The intention is to have interactive, highly engaging, conversations with the community inspired by the artwork no matter what one’s background is. Further, Garcia and Sternberg state, “as they explore various issues, they put themselves in other people’s shoes in order to understand themselves and others better. One of the reasons sociodrama works so well is that it taps into the truth about humanity that we are each more alike than we are different. Sociodrama speaks to both sides of the brain, with its action/reflection components. It is a kinesthetic, intuitive, affective and cognitive educational technique. Sociodrama has as its goals: catharsis (expression of feelings), insight (new perception) and role training (behavioral practice).”

Within Schroeder Cherry’s brilliant artwork, there are so many story lines to build upon and play with. For example, when one sees a real combination lock or a set of keys included as part of the artwork, what comes to mind? Who knows? That is the point. We will explore, give voice to and share meaning about the many elements embedded in the artwork together as a community to find out.

The opening event will be curated by L. Nef’fahtiti Partlow-Myrick.

Open to the public. Free admission.

Climb Aboard The Summer Movie Express And Enjoy $1 Movies At Regal Theatres

Regal’s Summer Movie Express is back in theatres featuring $1 movies all summer long. This kid-friendly festival is the perfect way to beat the heat this summer at over 340 theatres nationwide. Regal will offer two movies on Tuesday and Wednesday mornings at 10 a.m., with a portion of the proceeds benefitting the Will Rogers Institute, which promotes and funds medical research of cardiopulmonary diseases and purchases neonatal ventilator equipment for medical facilities across the country.

“Summer Movie Express is one of the hottest annual deals Regal offers to its moviegoers. We invite people of all ages to join us for three months of fun and entertainment as we feature family-friendly blockbusters,” said Ken Thewes, Regal’s Chief Marketing Officer. “This summer program is the perfect way for families to spend quality time together while enjoying a big screen experience.”

Since 1991, Regal has hosted special summertime entertainment for families to enjoy and to foster a love of movies in each generation. This year’s Summer Movie Express program takes place at 10 a.m. on Tuesday and Wednesday mornings at participating theatres featuring a fantastic lineup of ‘G’ and ‘PG’ movies including, but not limited to:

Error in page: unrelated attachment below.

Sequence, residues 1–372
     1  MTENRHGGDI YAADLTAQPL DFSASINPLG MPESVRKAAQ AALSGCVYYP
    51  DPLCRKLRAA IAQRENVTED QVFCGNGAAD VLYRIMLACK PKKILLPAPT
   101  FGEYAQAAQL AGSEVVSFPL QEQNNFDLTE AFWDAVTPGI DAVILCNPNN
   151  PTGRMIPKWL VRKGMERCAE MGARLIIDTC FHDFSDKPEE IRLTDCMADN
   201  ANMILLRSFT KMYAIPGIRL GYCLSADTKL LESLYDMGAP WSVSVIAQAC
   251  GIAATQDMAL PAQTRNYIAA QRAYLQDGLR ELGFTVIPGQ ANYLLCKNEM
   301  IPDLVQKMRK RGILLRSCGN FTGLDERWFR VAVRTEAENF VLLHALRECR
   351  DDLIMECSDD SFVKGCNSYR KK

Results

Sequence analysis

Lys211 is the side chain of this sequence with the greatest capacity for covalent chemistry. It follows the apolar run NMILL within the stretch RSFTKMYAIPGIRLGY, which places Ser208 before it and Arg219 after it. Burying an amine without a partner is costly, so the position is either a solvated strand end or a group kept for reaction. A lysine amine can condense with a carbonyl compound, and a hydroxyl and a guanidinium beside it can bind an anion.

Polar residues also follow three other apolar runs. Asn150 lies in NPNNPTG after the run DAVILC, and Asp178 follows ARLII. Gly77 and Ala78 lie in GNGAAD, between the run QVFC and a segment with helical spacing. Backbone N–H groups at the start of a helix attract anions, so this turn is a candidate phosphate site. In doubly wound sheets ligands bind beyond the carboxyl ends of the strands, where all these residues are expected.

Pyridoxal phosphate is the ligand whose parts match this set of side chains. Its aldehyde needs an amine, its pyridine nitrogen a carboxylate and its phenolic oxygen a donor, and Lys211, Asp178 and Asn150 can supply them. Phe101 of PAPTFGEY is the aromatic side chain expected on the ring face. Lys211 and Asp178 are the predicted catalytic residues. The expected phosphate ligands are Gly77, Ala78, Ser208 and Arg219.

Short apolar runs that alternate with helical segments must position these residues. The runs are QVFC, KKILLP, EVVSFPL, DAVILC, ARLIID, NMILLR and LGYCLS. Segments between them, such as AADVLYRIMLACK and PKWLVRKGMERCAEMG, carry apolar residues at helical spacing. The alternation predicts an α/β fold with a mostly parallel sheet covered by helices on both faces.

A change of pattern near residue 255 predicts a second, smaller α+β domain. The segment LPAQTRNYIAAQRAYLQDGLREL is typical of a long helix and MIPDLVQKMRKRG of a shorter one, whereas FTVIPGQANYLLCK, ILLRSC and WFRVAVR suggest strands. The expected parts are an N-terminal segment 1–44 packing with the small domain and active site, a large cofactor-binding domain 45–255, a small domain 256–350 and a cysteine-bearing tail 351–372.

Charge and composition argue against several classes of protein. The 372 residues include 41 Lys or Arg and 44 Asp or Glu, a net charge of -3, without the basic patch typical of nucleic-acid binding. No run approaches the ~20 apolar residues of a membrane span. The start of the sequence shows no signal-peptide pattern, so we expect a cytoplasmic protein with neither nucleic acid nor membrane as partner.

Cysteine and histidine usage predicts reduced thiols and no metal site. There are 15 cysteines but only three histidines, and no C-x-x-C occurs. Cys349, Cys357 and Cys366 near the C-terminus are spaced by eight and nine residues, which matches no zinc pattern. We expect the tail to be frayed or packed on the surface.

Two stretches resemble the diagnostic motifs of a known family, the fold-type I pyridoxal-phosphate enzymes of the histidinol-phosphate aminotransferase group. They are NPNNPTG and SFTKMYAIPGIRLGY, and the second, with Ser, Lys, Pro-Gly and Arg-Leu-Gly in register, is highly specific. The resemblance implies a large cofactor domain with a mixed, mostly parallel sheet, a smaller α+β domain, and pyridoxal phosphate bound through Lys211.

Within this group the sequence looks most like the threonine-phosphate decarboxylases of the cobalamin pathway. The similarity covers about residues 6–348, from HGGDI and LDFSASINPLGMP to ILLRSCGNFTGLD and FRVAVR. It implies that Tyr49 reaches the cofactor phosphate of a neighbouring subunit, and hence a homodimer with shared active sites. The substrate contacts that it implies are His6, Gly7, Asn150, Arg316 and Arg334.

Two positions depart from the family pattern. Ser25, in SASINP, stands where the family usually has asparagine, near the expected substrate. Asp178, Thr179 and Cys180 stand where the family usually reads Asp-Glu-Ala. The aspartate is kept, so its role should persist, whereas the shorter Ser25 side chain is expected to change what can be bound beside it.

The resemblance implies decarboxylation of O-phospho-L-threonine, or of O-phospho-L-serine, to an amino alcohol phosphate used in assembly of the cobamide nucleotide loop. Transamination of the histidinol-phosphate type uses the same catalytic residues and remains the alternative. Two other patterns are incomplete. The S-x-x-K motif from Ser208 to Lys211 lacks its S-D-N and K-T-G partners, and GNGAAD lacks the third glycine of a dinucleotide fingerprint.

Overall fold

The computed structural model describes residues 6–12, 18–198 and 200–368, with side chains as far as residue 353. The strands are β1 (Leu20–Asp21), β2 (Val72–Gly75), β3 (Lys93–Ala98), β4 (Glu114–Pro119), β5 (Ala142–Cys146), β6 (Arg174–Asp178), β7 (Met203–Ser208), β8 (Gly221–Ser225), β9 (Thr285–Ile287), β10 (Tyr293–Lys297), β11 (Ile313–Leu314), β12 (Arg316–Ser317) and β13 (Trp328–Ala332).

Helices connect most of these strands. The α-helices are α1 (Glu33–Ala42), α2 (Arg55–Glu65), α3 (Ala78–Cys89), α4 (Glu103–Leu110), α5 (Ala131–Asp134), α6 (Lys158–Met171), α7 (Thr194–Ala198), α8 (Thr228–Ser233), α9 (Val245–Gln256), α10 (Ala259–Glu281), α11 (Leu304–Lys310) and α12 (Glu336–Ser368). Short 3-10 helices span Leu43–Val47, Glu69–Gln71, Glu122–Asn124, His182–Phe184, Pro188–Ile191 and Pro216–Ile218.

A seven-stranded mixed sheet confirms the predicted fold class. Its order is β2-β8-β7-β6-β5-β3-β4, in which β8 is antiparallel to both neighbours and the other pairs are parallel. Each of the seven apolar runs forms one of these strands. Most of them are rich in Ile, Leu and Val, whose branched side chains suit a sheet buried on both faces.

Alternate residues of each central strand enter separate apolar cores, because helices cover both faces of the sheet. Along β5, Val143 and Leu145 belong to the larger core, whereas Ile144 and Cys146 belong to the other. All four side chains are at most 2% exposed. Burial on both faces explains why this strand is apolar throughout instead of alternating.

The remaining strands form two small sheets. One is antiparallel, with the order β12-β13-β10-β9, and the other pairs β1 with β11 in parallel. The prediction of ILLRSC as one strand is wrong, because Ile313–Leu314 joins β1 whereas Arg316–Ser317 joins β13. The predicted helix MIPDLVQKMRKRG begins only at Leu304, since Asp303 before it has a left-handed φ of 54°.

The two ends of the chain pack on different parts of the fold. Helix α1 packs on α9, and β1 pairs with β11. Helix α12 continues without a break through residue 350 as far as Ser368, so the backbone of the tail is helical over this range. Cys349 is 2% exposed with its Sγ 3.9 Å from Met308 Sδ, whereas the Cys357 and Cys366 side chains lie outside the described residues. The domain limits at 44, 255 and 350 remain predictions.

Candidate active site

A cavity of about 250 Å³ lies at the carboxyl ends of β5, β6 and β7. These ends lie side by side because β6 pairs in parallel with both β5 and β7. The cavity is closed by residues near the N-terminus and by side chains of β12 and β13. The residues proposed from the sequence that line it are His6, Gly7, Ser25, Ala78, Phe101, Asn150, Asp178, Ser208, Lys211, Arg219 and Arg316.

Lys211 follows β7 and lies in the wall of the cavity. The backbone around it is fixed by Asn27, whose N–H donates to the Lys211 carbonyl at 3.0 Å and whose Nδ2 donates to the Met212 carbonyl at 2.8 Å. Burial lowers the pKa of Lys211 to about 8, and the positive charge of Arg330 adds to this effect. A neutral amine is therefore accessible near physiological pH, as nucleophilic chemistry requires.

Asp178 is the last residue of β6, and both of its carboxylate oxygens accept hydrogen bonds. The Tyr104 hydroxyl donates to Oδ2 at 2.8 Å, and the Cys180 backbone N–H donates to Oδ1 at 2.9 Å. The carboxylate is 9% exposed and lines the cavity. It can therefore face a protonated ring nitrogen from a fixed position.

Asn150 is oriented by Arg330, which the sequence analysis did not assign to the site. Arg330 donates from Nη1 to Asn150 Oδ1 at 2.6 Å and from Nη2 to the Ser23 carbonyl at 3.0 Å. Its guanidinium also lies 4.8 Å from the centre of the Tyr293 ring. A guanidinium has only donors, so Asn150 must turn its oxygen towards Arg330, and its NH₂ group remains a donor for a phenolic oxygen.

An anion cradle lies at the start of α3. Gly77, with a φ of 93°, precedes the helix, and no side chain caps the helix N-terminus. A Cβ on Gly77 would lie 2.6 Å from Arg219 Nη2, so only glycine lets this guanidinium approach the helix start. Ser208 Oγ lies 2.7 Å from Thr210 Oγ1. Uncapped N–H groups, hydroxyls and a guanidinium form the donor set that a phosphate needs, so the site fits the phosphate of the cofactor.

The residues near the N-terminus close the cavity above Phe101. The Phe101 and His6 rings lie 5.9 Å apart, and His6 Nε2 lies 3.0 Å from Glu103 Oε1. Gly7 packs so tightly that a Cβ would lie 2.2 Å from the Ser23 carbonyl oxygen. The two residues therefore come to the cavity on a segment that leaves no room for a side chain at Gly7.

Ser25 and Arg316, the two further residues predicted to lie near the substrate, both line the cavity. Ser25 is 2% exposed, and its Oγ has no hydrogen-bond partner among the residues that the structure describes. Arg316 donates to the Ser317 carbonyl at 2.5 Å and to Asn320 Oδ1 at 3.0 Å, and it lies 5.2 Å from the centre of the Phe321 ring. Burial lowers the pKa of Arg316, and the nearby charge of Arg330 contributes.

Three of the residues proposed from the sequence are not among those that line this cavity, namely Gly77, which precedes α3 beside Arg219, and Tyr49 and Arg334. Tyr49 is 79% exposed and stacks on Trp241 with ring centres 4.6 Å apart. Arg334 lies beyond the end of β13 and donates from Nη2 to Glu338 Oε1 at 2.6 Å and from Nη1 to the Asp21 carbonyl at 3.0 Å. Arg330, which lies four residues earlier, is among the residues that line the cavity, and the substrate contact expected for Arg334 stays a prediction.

Paddington 2 (PG); How to Train Your Dragon: The Hidden World (PG); Teen Titans Go! To the Movies (PG); Smallfoot (PG); Despicable Me 3 (PG); The Secret Life of Pets (PG); The Lego Movie (PG); The Grinch (PG); The Lego Movie 2: The Second Part (PG); and Captain Underpants: The First Epic Movie (PG).

For local start dates. a list of participating theatres; and a complete list of movies, visit: www.regmovies.com/promotions/summer-movie-express.

Could The Past Hold The Key To A Better Future For Urban Kids?

“Really, it’s a parenting question. Are the parents talking to their young people to let them know that downtown belongs to you too? The Inner Harbor belongs to you too, but you go there and act with common sense and decency and not go down there to disrupt and fight and create mayhem…”

Baltimore Mayor Jack Young’s vehement response to the violence and property destruction attributed to hundreds of marauding teens over the weekend at the Inner Harbor was directed squarely at their parents.

Mayor Young pulled no punches attributing the responsibility for the behavior of young people as a parental issue. The mayor’s estimate of the numbers of delinquent youth creating havoc downtown as one percent was still over-estimated.

With nearly 130,000 Baltimoreans under 18, the accused “troublemakers” actually only represent 0.3 percent of the city’s youth. Mayor Young’s assertion that most Baltimore youth are not the “criminals” insinuated by the Baltimore Fraternal Order of Police is an obvious fact.

Too often, at the heart of the issue of unruly, undisciplined urban young people are contemporary cultural standards of child-rearing and discipline informed by technology, demands of parents’ employment, and other lifestyle factors that determine the amount and quality of time available for families to establish firm behavioral standards for children.

Of all the social, cultural and economic trends affecting the modern nuclear family in ways that degrade firm moral grounding for youth is perhaps the disconnect between the young and their elders which once existed as a communal bulwark inculcating successive generations with couth.

Grandparents and other older relatives possessed the patience, knowledge and wisdom that come from experience and long life that was once extolled as invaluable, and respected as a family’s brain trust. Their wise counsel was sought after and appreciated.

While it is more customary in western civilization to relegate older people to less revered status like the crazy uncle or senile grandma to be tolerated, Asian and African cultures, particularly, recognize elders as sacred, worthy of honor. A popular proverb from the Ivory Coast of Africa says: “The death of an elderly man is like burning a library.”